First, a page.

Speaker 2 (10:25):

So, you know, uh, internally as managed it department, okay, we look at it as bringing scale, but externally from my client taking the time to stop and think about what the impact to them can be. If I'm not, you know, being able to bring enough expertise. So we brought that security operations center to the table. They do a fantastic job for us. They're 24 7. They know stuff before I do. And I'm not a I'm in there, but I get the notifications before I even know it's happened. So it's been phenomenal. And I love that. That's my favorite example to my clients. It was a moment where I got to stop think, plan something out that gives you a better experience and you need to do the same thing for your staff. You want to have a good work environment and a good culture. So let's look at what we can do here. Yeah.

Speaker 1 (11:17):

That's I love that. Yeah. And especially security is always changing and evolving on almost day-to-day basis. That it's hard for one person to keep up, you know, with all that what's going on. Yeah. Different threats and everything.

Speaker 2 (11:33):

And then I don't know about you, but I don't have a lot of clients that have the level of, um, uh, the level of redundancy needed when they're bringing new systems online, where they'll actually run two systems simultaneously. I don't know if that's something you've had to deal with. I would always love to do it. It's something that I've wanted to do for ages. And it's always a light switch where we're going to do a hard cut. We're going from product a to product B. You don't get a chance. Um, and with a lot of line of business apps, they will allow you to do an extended demo where you can run two systems side by side.

Speaker 3 (12:13):

Yeah. Yeah. The

Speaker 2 (12:15):

Problem, of course being, there's a loss of productivity. You gotta do everything twice then as a staff member. But a lot of times

Speaker 1 (12:22):

They're you get in start getting into it instead of just looking in on paper and then you find, oh, we didn't think about this. And then you can, you know, be involved, you know, right there and help them. And maybe it's just a quick, um, you know, address a certain piece. That's super easy for you, but something they might not have thought of.

Speaker 2 (12:41):

Exactly. So it's something I've always wanted to have the opportunity to do, but I have yet to actually bring that one online. So one of these days we're going to get there though.

Speaker 1 (12:51):

Yeah, for sure. There's yeah. There's many different parts, uh, to, you know, just the way you think it's, I love your three examples. Um, and it's not even just like always security, but yeah. Continuity or even, uh, you know, different way of printing, um, or just many different parts of the, uh, the company. But if you don't think like that, it could be pretty big consequences.

Speaker 2 (13:18):

Yeah, absolutely. And, you know, even sometimes playing around with features, you know, the Microsoft ecosystem of products, you know, another thing constantly evolving, right. So we've got all these new products to play with. I feel like every quarter I could spend a month learning about the new products that are out there in the ecosystem. Right. Probably not quite that dramatic, but, uh, and I see all these synergies, I'm like, oh wait, we can do this. We can do that at the same time. You gotta take the time to do the strategic planning and see how it fits in their model. And that's the, that's the part that's fun, you know, sit down with the strategic planning, going through it. What parts do I have to bring online all at the same time? Is there a way to, you know, based up the men do it, what kind of, uh, education pieces do we need? How are we gonna, you know, get the, the staff online with what they need to know both with using the product and how to protect themselves, obviously you and I can go on about that for days.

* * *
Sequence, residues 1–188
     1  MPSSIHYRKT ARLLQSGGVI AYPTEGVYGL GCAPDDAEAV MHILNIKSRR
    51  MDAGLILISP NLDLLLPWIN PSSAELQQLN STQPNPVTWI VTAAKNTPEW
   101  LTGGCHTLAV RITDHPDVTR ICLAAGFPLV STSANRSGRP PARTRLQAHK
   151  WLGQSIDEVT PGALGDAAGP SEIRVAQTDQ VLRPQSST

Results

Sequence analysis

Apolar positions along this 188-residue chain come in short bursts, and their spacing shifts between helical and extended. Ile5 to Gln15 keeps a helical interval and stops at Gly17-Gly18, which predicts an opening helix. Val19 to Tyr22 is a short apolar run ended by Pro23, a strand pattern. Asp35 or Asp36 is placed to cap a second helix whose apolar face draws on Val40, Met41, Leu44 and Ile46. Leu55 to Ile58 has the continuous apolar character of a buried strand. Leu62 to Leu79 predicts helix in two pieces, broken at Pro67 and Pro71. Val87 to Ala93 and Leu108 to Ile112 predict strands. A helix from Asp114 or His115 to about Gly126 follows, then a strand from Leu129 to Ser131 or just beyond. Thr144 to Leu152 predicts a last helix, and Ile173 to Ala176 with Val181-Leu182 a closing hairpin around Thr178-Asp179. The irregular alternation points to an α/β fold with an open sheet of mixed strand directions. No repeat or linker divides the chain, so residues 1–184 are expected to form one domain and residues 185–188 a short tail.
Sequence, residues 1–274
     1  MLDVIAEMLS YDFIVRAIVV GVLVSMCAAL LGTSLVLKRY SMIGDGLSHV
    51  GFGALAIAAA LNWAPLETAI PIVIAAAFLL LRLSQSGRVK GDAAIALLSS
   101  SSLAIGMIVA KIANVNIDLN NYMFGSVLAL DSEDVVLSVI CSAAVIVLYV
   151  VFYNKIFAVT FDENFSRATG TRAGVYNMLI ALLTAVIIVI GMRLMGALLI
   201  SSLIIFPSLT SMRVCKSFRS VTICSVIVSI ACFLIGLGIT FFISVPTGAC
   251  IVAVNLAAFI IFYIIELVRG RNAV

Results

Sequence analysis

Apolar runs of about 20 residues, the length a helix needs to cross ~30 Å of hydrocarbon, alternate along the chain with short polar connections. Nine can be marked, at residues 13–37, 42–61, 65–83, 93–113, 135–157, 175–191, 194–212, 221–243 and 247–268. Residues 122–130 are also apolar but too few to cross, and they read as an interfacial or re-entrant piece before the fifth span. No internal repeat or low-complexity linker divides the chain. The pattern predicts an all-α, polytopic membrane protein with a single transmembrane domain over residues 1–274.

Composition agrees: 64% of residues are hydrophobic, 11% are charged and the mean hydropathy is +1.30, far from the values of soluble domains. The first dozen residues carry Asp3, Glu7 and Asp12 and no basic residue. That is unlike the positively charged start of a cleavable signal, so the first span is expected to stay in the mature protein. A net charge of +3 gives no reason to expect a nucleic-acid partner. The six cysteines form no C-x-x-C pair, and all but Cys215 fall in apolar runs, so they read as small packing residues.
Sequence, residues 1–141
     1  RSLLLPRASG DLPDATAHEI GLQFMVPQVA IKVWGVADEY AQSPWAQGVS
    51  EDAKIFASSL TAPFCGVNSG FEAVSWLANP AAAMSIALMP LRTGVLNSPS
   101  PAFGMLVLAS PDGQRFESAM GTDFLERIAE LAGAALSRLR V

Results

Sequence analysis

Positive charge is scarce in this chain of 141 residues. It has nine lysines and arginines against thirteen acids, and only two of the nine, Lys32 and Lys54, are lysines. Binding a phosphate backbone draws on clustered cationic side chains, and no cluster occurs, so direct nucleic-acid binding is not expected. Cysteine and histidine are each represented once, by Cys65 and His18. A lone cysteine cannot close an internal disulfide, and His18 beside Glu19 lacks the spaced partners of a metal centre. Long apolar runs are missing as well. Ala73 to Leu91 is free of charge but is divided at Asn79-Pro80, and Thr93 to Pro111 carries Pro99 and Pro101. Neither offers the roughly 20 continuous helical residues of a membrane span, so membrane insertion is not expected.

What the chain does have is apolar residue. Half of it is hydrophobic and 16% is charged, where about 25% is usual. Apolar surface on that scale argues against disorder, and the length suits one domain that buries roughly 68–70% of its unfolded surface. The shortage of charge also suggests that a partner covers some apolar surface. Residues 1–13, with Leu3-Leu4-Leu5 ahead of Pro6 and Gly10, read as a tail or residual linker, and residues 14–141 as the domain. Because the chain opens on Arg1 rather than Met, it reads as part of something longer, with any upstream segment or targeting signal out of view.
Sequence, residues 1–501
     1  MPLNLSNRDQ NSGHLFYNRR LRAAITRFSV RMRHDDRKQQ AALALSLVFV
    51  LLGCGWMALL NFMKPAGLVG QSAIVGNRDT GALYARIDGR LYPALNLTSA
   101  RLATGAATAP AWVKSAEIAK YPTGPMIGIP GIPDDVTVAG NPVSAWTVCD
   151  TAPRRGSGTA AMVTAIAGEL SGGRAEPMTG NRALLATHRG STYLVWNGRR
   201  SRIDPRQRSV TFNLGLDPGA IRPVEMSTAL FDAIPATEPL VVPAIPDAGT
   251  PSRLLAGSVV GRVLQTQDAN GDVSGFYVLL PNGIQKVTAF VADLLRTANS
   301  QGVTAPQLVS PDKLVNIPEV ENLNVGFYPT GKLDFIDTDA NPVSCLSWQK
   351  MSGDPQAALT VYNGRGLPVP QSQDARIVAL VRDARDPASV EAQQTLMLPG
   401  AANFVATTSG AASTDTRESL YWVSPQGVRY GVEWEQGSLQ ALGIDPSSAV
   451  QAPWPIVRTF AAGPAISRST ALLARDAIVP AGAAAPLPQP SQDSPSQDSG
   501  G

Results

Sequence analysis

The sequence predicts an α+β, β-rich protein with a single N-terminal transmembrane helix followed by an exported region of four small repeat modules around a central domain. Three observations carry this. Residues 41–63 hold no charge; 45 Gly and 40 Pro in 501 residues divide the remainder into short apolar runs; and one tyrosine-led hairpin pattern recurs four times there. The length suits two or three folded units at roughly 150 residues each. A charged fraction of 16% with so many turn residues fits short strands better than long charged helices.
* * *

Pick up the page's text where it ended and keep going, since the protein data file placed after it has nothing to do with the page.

Speaker 1 (14:26):

Good stuff. Yeah. Yeah. And it's not just on the it side, but yeah. How it can impact our clients. So, yeah, very good. Um, I want to offer everyone that is viewing, uh, an e-book that we created. So if you go to that address there, Wolf guard, 11 security steps with a couple of dashes there. Uh, you can get an ebook and it's a of items that we have noticed over the years. Our company has been in business over 10 years now. And just things that we continually find that are big issues, but are not addressed by, um, it, and so we've come in afterwards and just, you know, found these, these, these problems and they need to be addressed. So it tells you what to look out for and, um, you know, so you can get it fixed with even your existing it, um, but hoping that it can be a value to everybody. Uh, thanks Tom, for joining us again. And, uh, any other closing remarks you might have?

Speaker 2 (15:28):

No, just had a lot to fly to of fun being here again. I'm always happy to come back. Yeah,

Speaker 1 (15:33):

Very good. All right. I appreciate it. Everybody stay safe, like.